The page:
Liu gave a comparison of figures to illustrate how fast China has marched forward to gender equality. China had only 600,000 women workers and staff members in 1949 but today it has one of the highest of female employment in the world as more than 347 million Chinese women are in full-time employment, making up 45 percent of the total workforce in the country.

In addition, women's average life expectancy rose from 36 years in 1949 to 75.3 years in 2005. Female students in higher education reached 9.3 million in 2007, accounting for 49 percent of the total number. Women obtain 637 seats of the 11th NPC, or 21.3 percent of the total.


Despite great achievements, both Liu and Xie acknowledge Chinese women still face inequality or discrimination in employment, right of parenting, political participation, retirement age, income, and sexual harassment.

Liu said substantive gender equality means equal valuing of the roles of women and men.

The reform and opening up gave birth to not only many more development opportunities for women, but also widening gender divisions of labor and income, said Liu.

"Due to the gender division of labor and cutthroat competition in the market economy, women find it hard to raise their status, and sometimes they are faced with discrimination. Though some are reluctant to admit, it's the reality," she said, adding that increasing female graduates encounter gender discrimination in the job market, especially under the financial crisis.

According to a research released in June by the Center for Women's Law and Legal Services of Peking University, nearly one in four female job seekers had been declined because of their gender, and 16 percent of the polled had experience of being denied jobs though they scored better than male peers in interviews.

The survey found one in 25 among 3,000 respondents had to sign labor contracts that contained clauses forbidding them to marry or become pregnant in a set period of time.

And more than 20 percent said their employers, mostly foreign-funded enterprises and Sino-foreign joint ventures, were reluctant to recruit women of childbearing ages. Some 11.2 percent said they lost their jobs for having babies, and one in 20 experienced workplace sexual harassment.

Fierce competition and excessive labor force contribute to employers' tendency to hire male workers so as to avoid sharing social responsibilities during women employees' maternity leaves (at least 90 days by law) and other relevant costs. And at a time of the global financial crisis, cost-minded employers are more prone to hire male workers, said Liu.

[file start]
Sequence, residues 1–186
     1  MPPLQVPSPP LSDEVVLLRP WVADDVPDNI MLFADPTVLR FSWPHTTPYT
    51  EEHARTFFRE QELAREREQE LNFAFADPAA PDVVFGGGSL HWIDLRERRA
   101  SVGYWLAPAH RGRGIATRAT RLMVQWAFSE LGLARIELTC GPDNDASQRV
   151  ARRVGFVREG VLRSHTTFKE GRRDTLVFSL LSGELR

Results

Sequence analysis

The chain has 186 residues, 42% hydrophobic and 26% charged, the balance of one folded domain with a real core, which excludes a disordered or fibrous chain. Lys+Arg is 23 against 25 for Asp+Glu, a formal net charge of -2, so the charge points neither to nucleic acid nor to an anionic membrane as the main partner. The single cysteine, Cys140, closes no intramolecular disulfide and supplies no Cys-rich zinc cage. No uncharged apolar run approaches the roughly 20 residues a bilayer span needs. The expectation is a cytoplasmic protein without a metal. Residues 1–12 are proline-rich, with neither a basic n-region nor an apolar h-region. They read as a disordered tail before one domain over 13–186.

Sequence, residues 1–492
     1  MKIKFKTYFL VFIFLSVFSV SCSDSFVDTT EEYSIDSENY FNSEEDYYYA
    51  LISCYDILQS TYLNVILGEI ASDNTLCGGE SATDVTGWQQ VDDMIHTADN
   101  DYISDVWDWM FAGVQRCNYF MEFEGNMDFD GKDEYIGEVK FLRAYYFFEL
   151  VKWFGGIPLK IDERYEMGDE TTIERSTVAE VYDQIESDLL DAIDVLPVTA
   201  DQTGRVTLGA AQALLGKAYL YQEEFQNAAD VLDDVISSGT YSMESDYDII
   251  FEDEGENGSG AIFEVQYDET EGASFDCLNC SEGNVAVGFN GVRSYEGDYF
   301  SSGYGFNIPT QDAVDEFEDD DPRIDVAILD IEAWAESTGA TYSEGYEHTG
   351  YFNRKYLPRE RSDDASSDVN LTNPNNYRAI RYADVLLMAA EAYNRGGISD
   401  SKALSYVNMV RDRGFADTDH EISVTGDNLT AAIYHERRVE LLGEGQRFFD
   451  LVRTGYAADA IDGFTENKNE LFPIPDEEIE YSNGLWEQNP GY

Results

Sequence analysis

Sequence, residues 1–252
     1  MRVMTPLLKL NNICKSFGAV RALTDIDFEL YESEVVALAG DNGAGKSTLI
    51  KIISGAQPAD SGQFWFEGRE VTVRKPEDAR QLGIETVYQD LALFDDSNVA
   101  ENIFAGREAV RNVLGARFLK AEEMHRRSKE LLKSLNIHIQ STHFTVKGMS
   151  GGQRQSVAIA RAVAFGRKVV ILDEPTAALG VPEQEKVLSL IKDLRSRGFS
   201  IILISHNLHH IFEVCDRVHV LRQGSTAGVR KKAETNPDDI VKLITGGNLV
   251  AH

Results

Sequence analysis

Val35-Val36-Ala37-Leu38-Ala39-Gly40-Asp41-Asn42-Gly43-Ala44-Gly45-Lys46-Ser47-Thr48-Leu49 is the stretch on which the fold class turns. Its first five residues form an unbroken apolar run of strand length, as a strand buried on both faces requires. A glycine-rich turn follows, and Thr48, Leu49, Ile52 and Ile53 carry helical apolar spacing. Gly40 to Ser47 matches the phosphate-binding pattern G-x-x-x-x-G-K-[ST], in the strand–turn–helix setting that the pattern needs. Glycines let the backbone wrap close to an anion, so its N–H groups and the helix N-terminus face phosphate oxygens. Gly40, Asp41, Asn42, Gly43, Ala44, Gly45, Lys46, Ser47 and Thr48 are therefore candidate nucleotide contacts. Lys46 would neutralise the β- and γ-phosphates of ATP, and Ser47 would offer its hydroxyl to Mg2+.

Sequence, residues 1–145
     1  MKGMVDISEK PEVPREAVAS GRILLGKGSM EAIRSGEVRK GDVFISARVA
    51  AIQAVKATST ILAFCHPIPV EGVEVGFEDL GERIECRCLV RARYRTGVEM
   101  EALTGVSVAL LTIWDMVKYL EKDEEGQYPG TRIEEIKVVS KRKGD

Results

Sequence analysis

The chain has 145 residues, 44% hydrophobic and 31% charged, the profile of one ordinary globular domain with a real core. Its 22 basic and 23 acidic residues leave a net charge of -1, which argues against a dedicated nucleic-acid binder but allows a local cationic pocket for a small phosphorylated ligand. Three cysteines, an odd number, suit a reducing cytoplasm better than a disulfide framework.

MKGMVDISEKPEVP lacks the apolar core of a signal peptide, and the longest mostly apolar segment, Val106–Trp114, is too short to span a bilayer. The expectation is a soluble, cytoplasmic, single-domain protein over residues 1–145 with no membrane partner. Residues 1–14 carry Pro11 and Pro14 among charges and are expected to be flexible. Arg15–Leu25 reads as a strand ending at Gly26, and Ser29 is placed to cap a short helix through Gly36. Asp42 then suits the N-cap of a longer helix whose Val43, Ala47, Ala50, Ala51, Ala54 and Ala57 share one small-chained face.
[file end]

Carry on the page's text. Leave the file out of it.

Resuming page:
As a result, platitudes such as "hunting for a good husband is more important than seeking a job" and "Doing (a job) well is inferior to marrying well" are becoming more popular among female graduates.

According to Liu, it is unfortunate to witnesses the re-emergence of an old gender stereotype -- "Men take care of outdoor affairs, (while) women take care of indoor affairs."

Liu also cited the sex ratio as the most apparent test paper to review gender equality in China.

"China could achieve substantive gender equality if someday the sex ratio strikes a balance, and the old-fashioned Chinese farmers no longer value boys more than girls," she said.

According to the latest study by the Population and Family Planning Commission, China's gender ratio for newborn babies was 120 boys for every 100 girls, while the normal ratio accepted internationally is 103 to 107 against 100.

Pre-natal gender testing other than for medical purpose has been banned by the government as it realized the sex ratio imbalance "a hidden danger" that will "affect social stability" in the future.

Xie Lihua points out that the sex ratio is the most basic measurement to examine women's status in rural China, while the political participation is the top measurement.

According to the ACWF, by the end of 2008, women took up 17.6 percent of the village committee members, but only 2.7 percent of the village heads were women.

Liu said it was imperative for lawmakers and policy makers to raise their gender awareness so that the gender perspective should be taken into account more seriously in any legislation and policymaking. She suggests setting hiring quotas for women employers in the job market and improving the role of maternity insurance, so as to help women job seekers fight gender discrimination.

Xie recommends the government should improve the social security system in the countryside, reform the household registration system and help women gain economic independence so as to promote rural women's value and status.